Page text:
In addition to the high costs involved in implementing a sophisticated CIEM environment, users must also be willing and able to dedicate enough time to learn how it works so they can take full advantage of its capabilities. Not only do they need to properly understand the principles behind this type of data collection, but they also have to ensure that their organization’s strict security policies don’t conflict with those used by Infrastructure as a Service (IaaS) providers or other cloud computing services such as Office 365 for Business.
CIEM, being an enterprise-wide solution that is used to collect and analyze large amounts of cloud service usage data, also poses a number of threats. One example, which has been cited by several security experts as the biggest concern among enterprises dealing with IaaS/PaaS providers, is a breach of sensitive information such as client credit card numbers or intellectual property (IP) assets. Since IaaS/PaaS services usually involve the disclosure of important business functions – from payroll operations to project management – it may be difficult for users to pinpoint what information might have been exposed in case unauthorized third parties gained access.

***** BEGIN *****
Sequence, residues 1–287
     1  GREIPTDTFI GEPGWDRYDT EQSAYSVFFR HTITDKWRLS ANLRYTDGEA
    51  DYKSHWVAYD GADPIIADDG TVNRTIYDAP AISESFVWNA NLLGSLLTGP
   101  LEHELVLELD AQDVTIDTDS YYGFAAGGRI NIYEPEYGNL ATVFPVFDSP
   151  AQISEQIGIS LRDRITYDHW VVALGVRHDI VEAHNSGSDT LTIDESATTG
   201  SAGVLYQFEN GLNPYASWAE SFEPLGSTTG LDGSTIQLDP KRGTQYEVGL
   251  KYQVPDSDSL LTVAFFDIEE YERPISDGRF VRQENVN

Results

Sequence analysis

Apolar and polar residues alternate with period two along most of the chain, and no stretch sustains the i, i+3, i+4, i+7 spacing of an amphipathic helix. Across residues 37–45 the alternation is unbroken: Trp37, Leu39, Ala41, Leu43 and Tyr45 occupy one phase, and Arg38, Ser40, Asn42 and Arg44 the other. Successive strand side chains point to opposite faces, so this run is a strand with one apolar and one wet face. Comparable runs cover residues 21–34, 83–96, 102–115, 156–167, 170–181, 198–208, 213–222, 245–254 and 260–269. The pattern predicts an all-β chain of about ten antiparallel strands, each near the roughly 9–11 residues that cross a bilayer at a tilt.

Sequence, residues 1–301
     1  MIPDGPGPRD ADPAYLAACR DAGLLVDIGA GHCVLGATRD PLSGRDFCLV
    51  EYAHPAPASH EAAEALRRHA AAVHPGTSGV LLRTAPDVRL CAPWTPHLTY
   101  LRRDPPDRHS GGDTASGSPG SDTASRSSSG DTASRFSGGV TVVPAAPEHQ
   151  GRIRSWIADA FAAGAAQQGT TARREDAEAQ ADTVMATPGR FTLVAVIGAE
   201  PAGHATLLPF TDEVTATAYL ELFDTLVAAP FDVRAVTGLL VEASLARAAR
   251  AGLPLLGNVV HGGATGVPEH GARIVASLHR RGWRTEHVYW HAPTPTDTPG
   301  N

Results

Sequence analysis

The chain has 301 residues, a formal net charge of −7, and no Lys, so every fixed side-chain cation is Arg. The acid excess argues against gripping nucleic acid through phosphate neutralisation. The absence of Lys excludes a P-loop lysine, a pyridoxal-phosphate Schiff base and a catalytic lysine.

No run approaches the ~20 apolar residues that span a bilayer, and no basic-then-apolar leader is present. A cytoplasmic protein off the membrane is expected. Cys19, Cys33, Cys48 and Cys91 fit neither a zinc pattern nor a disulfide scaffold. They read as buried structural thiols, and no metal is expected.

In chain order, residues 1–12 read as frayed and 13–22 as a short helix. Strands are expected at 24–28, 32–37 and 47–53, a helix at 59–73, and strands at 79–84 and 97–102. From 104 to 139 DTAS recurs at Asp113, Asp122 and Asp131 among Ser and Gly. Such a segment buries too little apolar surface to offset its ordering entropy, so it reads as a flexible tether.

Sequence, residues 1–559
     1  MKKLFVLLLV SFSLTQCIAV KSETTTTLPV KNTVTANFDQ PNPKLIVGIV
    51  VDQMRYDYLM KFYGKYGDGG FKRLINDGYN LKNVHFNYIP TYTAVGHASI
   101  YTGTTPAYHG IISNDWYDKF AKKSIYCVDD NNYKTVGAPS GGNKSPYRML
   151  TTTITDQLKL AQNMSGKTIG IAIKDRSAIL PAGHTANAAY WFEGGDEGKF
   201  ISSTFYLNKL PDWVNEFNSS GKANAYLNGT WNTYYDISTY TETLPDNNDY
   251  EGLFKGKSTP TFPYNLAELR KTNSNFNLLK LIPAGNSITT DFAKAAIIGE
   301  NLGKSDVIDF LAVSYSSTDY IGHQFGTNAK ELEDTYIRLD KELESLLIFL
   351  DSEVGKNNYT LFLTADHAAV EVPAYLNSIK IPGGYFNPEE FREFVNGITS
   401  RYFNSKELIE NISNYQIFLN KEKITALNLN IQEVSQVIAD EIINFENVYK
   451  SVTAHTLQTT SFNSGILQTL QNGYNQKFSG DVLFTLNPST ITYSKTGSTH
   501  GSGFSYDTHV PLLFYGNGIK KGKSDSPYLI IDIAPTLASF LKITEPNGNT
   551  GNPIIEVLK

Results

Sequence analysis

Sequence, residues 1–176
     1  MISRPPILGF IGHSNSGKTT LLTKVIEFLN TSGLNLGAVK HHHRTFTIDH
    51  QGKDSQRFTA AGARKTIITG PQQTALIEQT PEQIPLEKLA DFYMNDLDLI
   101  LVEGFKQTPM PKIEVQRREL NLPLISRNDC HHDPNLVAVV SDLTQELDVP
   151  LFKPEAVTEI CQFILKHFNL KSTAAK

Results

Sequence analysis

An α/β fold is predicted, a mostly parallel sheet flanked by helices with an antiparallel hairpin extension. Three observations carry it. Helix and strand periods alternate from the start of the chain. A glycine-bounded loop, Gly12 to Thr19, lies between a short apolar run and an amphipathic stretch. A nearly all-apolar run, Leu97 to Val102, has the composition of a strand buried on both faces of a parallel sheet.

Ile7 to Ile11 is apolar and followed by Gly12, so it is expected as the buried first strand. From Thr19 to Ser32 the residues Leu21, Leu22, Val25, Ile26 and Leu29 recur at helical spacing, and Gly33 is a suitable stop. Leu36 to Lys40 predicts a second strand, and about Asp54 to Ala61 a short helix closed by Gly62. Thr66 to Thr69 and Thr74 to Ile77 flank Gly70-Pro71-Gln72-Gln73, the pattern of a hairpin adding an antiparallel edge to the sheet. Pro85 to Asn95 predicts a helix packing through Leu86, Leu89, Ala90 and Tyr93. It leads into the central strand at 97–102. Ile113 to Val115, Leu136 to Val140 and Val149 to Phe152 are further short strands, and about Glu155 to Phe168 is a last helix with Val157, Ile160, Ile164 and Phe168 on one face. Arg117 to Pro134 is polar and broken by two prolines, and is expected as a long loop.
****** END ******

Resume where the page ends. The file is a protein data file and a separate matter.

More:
Who needs a system like CIEM in place and why
Cloud Infrastructure Entitlement Management is of particular interest to organizations that are moving into the cloud in a big way, such as enterprises and service providers (SPs).
If an organization experiences multiple spikes in resource consumption during specific months or days, it might be due to a deal with some other party whose terms require certain constraints. Organizations need real-time information about how their resources are being used so they can quickly address any incidents before problems arise.
These incidents may include unauthorized systems accessing company data stored on cloud-based storage services. In this case, administrators might be able to determine if there is an issue by checking the collective log files of all the systems that are connected to the company’s cloud.